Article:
We are seeing more and more organisations across all parts of the not-for-profit sector including ‘collaboration’ activities in their strategic plans. Over the last few months, the Good Foundations team has worked on several projects where organisations were looking to merge; from this, our take on the 5 most critical elements for merger success for not-for-profit organisations is:
1. The first step is to get to know each other really well – understand each other’s business model; what do they do, how they do it and why do they it. Linked to this are the old classics of whether the cultures are aligned, do we have complementary strengths and weaknesses, are growth plans of each organisation aligned, along with respective risk appetites. We recommend that each party is also really clear and open on what you are expecting the other party to bring to a merged entity – your assumptions may not be right. Spend time together (boards and management) asking questions and sharing information in a face to face environment. This process often draws out false information and misconceptions that can speed up the process and build trust. Don’t fall in the trap of knowing the only organisation only at a superficial level and still not really understanding the other 6 - 12 months later when it gets to the pointy end.
2. Make sure the merger makes business sense – are the arguments to join together compelling, do they stack up financially and will NewCo be more than just the sum of the two entities (1 + 1 should = 3)? Consider what will happen if you don’t merge, is there a burning platform? You will have to convince various stakeholders so the benefits of merging need to be articulated clearly.
3. What are the common key sticking points? Every case is different but the common ones are:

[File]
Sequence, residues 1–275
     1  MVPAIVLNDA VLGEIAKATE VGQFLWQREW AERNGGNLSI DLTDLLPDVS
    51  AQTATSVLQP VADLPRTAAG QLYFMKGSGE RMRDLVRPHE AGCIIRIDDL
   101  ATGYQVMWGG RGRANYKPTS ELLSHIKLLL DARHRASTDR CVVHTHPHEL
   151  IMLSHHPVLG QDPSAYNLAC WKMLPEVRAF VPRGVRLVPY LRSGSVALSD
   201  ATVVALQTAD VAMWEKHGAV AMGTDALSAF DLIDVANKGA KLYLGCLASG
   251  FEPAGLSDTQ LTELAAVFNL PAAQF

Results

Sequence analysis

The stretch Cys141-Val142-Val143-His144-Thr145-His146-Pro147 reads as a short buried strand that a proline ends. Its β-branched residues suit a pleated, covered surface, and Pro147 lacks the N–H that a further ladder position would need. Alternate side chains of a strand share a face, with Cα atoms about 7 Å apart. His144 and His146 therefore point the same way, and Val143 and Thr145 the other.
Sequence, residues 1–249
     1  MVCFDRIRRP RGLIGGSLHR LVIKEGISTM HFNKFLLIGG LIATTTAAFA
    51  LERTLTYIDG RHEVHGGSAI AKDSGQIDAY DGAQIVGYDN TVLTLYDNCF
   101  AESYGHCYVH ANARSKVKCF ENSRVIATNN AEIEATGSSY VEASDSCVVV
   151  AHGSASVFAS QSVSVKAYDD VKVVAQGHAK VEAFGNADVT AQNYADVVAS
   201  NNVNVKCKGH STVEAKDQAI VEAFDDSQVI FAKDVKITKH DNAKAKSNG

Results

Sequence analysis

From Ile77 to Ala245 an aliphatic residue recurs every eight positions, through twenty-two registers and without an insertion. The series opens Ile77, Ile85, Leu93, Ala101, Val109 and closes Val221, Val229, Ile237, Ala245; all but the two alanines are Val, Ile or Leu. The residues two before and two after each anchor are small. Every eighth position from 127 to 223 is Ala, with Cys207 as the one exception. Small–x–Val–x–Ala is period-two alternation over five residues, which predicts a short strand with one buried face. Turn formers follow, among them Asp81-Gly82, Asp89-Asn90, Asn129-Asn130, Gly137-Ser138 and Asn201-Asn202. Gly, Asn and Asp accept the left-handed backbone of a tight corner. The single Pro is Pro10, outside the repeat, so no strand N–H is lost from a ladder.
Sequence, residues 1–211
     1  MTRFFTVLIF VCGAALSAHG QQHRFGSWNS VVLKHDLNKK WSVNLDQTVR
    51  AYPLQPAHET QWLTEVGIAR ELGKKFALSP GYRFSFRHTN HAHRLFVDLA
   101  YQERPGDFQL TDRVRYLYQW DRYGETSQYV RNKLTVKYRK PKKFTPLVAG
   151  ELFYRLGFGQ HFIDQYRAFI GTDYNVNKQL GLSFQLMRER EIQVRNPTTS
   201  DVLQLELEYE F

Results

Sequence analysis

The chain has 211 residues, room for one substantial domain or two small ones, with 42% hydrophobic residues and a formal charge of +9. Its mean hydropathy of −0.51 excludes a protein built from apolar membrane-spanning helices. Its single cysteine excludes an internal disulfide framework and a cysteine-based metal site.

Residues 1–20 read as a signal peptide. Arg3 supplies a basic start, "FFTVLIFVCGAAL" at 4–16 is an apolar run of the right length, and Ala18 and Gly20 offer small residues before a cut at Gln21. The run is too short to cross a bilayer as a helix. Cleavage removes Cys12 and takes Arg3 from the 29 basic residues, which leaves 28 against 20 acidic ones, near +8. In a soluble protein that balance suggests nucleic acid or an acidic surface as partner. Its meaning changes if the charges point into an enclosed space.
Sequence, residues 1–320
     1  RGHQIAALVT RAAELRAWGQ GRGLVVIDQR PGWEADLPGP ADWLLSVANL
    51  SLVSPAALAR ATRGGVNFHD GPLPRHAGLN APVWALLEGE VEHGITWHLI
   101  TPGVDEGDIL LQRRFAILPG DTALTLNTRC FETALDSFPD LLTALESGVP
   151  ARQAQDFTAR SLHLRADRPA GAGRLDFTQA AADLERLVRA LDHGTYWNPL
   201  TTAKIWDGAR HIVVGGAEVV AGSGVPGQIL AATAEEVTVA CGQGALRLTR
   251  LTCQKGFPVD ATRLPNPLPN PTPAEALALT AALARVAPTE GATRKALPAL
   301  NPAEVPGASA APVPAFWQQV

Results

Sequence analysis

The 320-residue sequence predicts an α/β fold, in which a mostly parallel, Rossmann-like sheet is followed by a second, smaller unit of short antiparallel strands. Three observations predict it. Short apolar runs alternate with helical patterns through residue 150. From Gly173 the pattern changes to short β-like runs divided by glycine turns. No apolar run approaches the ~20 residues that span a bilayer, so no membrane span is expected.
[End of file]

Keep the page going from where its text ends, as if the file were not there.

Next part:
- Being clear on the purpose of NewCo
- Who will be the members of NewCo, what voting rights do they have and are there different categories of membership
- Board composition and appointment process
- Business model + services/products to be offered by NewCo
- Pace of change expected by either party when joining the businesses together e.g. back office functions, rebranding etc.
4. Have some principles defined that you can always fall back on when things get tricky and keep coming back to ‘why are we doing this’ and be willing to negotiate and compromise, if you truly believe a merged entity can deliver significantly better outcomes for those you are trying to assist.
5. If you are not going to merge (which is fine if that is where you both land), decide it as quickly as you can. Work out the key issues and your lines in the sand and communicate them early. A drawn-out discussion saps everyone of energy and there is the risk that both parties lose focus on their existing businesses whilst merger talks are happening. Get your own house in order in terms of what you are expecting of the other party, what are the views of your key stakeholders, and what information you can share on your own organisation ready early on.
In making the decision to merge, we have put together a simple, practical one page Merger Checklist which is freely available on our website to help you keep track of where you are at in the key aspects of potentially merging.
It has become clear to us that best chance of success comes through the willingness to have open, honest and frank conversations, and know the views of your key stakeholders before you meet with the other party. Collaborations and partnerships are an increasingly important consideration for organisations in the current not-for-profit climate in Australia.
While we are certainly advocates of collaboration across the not-for-profit sector, full mergers are complex and are often a difficult road to navigate well. They take time and resources. So, we’d suggest perhaps try dating a bit with another organisation, by perhaps working on a joint project / joint funding submission, maybe share some back-office functions or do some joint procurement and see how you go. After all, we all know how Married at First Sight usually works out.